As the atom waves travel down the shaft, a second laser pulse will reunite the excited portion of each wave with its slower counterpart, and researchers will precisely determine the acceleration of the falling atom by measuring interference between the two parts of the wave.
Although MAGIS-100 will not be able to detect gravitational waves itself, it will test and develop technology for a future upgrade—one keen enough to pick up smaller spatial disturbances by dropping clouds of atom waves one kilometer apart.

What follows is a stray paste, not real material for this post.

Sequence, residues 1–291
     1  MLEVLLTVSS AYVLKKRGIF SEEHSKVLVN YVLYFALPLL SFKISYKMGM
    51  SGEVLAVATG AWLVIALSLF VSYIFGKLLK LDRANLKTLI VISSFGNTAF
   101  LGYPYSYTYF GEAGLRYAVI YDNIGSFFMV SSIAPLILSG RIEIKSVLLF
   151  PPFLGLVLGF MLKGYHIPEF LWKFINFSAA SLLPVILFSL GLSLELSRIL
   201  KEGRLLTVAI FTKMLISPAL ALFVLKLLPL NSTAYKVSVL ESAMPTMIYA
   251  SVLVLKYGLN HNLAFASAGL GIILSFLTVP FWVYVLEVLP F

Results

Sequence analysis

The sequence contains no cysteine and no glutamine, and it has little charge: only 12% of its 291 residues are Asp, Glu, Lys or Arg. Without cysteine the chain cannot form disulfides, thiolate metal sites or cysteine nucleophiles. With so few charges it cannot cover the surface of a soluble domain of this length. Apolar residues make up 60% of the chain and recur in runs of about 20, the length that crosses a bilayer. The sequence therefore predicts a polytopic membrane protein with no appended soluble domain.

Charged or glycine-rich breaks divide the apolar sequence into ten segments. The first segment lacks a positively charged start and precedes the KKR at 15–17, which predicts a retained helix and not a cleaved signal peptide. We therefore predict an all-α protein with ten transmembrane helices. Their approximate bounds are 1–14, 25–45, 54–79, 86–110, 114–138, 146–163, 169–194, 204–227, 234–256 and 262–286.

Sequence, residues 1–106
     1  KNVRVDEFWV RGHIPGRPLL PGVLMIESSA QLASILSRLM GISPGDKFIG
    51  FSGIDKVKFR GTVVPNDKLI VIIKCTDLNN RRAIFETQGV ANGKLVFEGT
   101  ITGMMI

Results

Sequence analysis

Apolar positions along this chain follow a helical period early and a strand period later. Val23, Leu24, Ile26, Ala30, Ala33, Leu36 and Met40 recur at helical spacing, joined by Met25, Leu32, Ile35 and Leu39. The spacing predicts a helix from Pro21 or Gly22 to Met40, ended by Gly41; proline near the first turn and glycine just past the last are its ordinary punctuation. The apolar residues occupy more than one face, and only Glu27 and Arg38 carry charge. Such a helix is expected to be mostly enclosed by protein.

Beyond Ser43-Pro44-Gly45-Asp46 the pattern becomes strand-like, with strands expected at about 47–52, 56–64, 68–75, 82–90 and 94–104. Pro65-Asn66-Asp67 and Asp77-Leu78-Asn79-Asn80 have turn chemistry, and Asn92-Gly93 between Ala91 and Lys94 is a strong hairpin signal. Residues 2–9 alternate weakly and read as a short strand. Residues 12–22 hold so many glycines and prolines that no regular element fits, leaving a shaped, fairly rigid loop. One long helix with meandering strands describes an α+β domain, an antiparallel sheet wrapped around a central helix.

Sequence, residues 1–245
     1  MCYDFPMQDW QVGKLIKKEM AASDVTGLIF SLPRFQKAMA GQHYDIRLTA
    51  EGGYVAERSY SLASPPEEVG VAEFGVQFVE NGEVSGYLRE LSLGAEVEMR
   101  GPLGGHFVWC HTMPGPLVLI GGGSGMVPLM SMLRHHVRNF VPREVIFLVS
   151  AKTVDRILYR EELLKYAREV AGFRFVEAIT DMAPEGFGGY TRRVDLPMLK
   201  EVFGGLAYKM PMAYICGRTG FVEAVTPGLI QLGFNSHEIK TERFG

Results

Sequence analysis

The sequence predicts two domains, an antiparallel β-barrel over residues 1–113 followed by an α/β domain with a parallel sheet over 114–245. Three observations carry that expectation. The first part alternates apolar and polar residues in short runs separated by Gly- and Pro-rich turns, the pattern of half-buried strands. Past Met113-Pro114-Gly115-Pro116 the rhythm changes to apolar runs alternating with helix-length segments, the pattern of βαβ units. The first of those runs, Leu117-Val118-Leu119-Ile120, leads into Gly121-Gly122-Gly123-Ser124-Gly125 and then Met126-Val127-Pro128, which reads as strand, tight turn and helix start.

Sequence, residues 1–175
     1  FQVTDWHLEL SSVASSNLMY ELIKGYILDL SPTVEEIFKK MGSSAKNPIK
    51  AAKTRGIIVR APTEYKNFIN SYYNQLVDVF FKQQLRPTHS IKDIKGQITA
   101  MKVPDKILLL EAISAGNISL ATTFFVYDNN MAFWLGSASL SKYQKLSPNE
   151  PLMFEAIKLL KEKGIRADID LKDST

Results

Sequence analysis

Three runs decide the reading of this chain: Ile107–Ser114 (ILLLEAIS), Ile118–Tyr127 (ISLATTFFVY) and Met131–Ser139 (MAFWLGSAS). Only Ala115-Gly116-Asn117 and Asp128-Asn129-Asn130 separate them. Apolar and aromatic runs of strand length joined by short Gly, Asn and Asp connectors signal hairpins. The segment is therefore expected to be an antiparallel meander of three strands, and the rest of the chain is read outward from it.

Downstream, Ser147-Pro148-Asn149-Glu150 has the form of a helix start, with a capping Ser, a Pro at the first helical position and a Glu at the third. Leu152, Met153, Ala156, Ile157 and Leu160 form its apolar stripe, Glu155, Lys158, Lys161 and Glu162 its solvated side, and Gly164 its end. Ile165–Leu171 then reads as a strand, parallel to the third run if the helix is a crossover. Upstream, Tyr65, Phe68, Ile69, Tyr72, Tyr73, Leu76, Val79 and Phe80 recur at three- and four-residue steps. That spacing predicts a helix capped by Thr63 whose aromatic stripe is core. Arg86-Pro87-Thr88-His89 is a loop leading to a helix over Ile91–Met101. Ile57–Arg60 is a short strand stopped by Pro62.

Any tiny differences in the way the atom waves fall, for instance, will reveal the influence of a third party—such as undiscovered particles present in the space they traveled through.
A 10-meter-tall MAGIS prototype at Stanford University, currently one of the world's largest such instruments, has already created record-setting atom waves more than half a meter long; the Fermilab facility should produce waves of dozens of feet or more.
By exploiting the atoms' wavelike properties, the experiment will look for ripples in the bizarre quantum realm: potential fingerprints of missing dark matter and, in future iterations, new frequencies of gravitational waves.